Bear Colony dropped their second release, Soft Eyes, on Nov. 12. “We Don’t Know Harm I” sets the stage for the soundscape of this record. The opening cut is slow with vocals and a tone that puts the listener into a lull. The style overall is reminiscent of a more muted tune by MGMT, meaning that there are ambient elements and low, underdone vocal parts. The Little Rock, AR-based group are an indie rock bunch that is constantly shifting members for a one-of-a-kind sound every time they get together.
“A Ladder To The Clouds” is an electronic, percussion infused conjoining piece of instrumental music that transitions into “Bad Blood.” During this next number, the pace of the instruments are quickened, incorporating a simple piano component, but the singing remains slow and steady. At the end of the track, the vocalist, for the first and last time, is projecting his voice in competition with the excitable guitars. Soft Eyes seems to have a continuous dreamy feel throughout its length, never becoming loud enough to disturb. One of the first singles off of this album is called “Flask Retort,” a song with a catchy chorus, electronic sections, and a rock-oriented guitar solo.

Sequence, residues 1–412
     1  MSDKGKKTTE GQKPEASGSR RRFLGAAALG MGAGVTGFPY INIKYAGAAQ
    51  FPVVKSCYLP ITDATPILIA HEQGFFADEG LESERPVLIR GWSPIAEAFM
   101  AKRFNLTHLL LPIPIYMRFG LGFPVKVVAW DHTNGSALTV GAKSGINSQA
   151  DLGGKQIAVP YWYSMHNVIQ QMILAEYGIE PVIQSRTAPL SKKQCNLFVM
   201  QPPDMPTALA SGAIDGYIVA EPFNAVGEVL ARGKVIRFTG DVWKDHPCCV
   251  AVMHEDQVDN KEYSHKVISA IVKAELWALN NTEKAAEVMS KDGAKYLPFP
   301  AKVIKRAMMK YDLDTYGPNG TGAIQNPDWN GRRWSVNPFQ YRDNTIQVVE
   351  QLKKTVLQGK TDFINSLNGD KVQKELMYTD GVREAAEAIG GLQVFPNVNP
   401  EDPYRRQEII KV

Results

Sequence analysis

Beginning with an electro introduction of beats, “Lights On The Domestic” is an interesting track, made up of other-worldly manufactured sounds, with the same poetic lyrics that seem to dominate the songs on this record. “We Don’t Know Harm II” is easily the most enjoyable cut on this album. The number is well-written with a memorable melody and song structure. What the band is going for on Soft Eyes appears at first to be appealing but after a few songs, the monotony wears on the listener that was waiting for the surprise that never comes.
In A Word: Matte